Clinical and Biochemical Response of TNFRSF11A-Mediated Early-Onset Familial Paget Disease to Bisphosphonate Therapy

Philip L. Riches, Yasuo Imanishi, Kiyoshi Nakatsuka, Stuart H. Ralston

Research output: Contribution to journalArticlepeer-review


Early-onset familial Paget disease of bone (EoPDB) is a rare condition caused by a 27-bp insertion mutation affecting the signal peptide of TNFRSF11A, which encodes RANK. EoPDB shows phenotypic overlap to both familial expansile osteolysis and expansile skeletal hyperphosphatasia, which are caused by similar mutations in TNFRSF11A. Although EoPDB is characterized by elevated bone turnover, there is no published information on the response of this condition to antiresorptive therapy. Here, we describe the clinical and biochemical response to bisphosphonate therapy in three patients with EoPDB. In all cases, treatment with the first-generation bisphosphonate etidronate at high doses reduced biochemical markers of bone turnover but the response was incomplete and short-lived. In contrast, treatment with aminobisphosphonates resulted in greater suppression of biochemical markers of bone turnover with an extended duration of response. From a clinical perspective, the results were less impressive and there was no clear benefit from antiresorptive treatment in terms of bone deformity, deafness, and tooth loss, although bone pain improved in one patient. We conclude that intravenous aminobisphosphonate therapy may be the preferred mode of treatment for EoPDB to provide long-term suppression of bone turnover. The long-term clinical effects of treatment on the natural history of the bone disease remain uncertain however, and this will require further study.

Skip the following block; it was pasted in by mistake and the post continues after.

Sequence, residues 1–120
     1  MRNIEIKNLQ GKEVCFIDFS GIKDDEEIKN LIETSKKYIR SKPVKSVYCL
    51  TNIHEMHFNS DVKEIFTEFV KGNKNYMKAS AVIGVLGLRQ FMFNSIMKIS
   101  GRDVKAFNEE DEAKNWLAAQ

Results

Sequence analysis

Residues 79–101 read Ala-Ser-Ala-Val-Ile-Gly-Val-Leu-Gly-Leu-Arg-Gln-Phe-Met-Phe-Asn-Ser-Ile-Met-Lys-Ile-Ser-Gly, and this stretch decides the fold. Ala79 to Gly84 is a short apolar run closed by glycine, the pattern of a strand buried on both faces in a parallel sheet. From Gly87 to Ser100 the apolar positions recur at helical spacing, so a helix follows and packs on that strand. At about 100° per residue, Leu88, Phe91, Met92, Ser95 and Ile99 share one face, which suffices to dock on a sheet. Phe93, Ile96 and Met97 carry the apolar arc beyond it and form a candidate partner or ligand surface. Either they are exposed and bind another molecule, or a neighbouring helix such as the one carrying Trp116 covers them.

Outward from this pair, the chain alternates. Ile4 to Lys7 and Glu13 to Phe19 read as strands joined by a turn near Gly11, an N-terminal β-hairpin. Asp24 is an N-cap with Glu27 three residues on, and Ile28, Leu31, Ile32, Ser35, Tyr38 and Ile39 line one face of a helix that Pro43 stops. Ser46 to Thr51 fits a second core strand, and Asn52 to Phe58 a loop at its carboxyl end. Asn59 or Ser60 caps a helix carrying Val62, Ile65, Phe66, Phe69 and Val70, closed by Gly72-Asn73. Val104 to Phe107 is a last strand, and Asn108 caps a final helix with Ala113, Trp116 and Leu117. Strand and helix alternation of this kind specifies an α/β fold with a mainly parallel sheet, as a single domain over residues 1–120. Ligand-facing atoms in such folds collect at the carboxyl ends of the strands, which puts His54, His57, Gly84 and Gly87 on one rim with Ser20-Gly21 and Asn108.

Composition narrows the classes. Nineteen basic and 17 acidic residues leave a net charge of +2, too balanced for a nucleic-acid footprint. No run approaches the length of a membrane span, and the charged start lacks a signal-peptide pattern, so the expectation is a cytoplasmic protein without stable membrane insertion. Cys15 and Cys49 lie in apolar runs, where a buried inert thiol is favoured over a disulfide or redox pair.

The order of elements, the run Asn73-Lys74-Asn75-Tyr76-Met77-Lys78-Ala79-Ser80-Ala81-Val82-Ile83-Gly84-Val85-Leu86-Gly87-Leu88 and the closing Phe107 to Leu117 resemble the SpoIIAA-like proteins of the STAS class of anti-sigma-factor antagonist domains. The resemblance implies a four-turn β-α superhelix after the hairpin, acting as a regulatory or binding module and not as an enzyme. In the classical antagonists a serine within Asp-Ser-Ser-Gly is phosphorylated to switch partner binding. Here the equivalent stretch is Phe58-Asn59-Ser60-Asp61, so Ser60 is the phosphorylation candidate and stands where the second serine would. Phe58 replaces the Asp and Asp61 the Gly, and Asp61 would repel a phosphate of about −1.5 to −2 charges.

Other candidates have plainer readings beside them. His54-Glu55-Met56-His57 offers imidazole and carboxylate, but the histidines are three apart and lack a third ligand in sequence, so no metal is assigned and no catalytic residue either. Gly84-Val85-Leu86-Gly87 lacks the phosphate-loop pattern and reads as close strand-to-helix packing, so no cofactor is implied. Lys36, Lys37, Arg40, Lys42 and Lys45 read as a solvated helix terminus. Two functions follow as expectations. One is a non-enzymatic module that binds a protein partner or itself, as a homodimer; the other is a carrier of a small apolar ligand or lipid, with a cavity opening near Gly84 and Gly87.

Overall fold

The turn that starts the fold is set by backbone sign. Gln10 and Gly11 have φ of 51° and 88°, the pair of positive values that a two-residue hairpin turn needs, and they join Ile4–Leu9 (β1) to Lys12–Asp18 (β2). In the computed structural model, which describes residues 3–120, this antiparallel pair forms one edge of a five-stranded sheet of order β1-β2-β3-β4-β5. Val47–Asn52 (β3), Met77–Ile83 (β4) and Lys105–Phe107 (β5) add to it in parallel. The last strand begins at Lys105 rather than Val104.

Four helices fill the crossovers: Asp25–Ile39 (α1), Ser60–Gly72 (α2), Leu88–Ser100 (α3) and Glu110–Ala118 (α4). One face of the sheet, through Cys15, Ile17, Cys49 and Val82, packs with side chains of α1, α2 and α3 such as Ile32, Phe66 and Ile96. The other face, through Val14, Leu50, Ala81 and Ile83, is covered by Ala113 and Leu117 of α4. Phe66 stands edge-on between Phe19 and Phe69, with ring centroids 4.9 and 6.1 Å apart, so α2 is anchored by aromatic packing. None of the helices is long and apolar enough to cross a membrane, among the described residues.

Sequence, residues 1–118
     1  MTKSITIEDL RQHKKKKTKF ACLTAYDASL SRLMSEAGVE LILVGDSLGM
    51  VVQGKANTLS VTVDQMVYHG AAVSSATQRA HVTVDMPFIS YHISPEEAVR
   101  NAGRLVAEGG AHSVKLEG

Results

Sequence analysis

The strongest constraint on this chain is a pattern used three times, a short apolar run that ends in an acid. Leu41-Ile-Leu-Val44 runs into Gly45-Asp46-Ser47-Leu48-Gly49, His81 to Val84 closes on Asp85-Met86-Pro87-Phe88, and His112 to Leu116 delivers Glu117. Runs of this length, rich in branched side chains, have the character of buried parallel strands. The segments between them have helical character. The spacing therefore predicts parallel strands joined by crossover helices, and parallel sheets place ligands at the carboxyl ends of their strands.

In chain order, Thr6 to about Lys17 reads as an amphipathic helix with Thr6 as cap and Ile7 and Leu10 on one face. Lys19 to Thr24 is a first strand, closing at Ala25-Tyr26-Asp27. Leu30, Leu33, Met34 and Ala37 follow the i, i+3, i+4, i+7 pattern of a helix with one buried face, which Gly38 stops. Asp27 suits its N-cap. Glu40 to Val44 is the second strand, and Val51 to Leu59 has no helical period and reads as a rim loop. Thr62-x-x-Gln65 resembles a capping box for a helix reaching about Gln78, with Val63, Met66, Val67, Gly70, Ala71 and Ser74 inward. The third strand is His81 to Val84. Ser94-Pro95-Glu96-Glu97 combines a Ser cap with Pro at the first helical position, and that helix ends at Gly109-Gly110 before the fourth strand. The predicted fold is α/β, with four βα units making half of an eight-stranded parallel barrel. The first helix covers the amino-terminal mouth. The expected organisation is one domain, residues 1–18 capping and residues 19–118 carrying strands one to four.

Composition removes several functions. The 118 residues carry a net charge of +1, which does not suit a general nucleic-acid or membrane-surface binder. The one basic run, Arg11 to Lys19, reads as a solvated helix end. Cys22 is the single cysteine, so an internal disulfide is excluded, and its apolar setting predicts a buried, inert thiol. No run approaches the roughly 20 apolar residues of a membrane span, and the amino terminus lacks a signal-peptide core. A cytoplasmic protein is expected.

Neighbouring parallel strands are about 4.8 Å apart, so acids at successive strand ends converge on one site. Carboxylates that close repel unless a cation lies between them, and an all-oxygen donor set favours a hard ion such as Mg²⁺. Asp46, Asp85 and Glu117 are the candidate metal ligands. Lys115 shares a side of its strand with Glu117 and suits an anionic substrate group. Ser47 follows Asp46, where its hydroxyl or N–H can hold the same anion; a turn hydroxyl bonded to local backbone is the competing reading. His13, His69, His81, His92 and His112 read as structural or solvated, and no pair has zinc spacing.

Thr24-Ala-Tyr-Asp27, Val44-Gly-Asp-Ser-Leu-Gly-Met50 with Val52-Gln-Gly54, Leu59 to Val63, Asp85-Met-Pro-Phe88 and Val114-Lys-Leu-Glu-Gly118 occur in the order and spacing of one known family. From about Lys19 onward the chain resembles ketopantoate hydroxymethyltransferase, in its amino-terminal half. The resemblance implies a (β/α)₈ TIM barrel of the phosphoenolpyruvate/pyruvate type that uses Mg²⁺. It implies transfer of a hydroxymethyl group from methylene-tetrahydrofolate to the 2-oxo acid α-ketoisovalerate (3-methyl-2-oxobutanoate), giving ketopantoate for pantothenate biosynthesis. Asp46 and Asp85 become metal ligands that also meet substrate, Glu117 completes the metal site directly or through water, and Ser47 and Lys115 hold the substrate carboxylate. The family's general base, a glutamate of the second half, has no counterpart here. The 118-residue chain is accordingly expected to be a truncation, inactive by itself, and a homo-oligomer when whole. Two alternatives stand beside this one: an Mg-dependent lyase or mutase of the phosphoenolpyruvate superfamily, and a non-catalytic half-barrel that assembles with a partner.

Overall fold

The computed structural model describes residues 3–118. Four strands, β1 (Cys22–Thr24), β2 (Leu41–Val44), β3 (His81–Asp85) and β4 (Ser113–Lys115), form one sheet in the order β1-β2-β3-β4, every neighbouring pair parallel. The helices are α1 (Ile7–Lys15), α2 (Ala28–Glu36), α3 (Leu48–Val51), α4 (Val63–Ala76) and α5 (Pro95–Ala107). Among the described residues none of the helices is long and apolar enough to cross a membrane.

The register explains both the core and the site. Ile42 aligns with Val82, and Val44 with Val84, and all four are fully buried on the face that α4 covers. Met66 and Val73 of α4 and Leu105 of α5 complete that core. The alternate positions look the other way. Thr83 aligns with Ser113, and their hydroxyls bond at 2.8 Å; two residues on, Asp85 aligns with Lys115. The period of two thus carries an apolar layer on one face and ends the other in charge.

Original languageEnglish
Pages (from-to)272-275
Number of pages4
JournalCalcified Tissue International
Issue number4
Publication statusPublished - Oct 2008


  • Pedigree
  • Hydroxyproline
  • Humans
  • Alkaline Phosphatase
  • Bone Density Conservation Agents
  • Creatinine
  • Diphosphonates
  • Receptor Activator of Nuclear Factor-kappa B
  • Adult
  • Osteitis Deformans
  • Treatment Outcome
  • Middle Aged
  • Genetic Predisposition to Disease
  • Mutation
  • Female
  • Male


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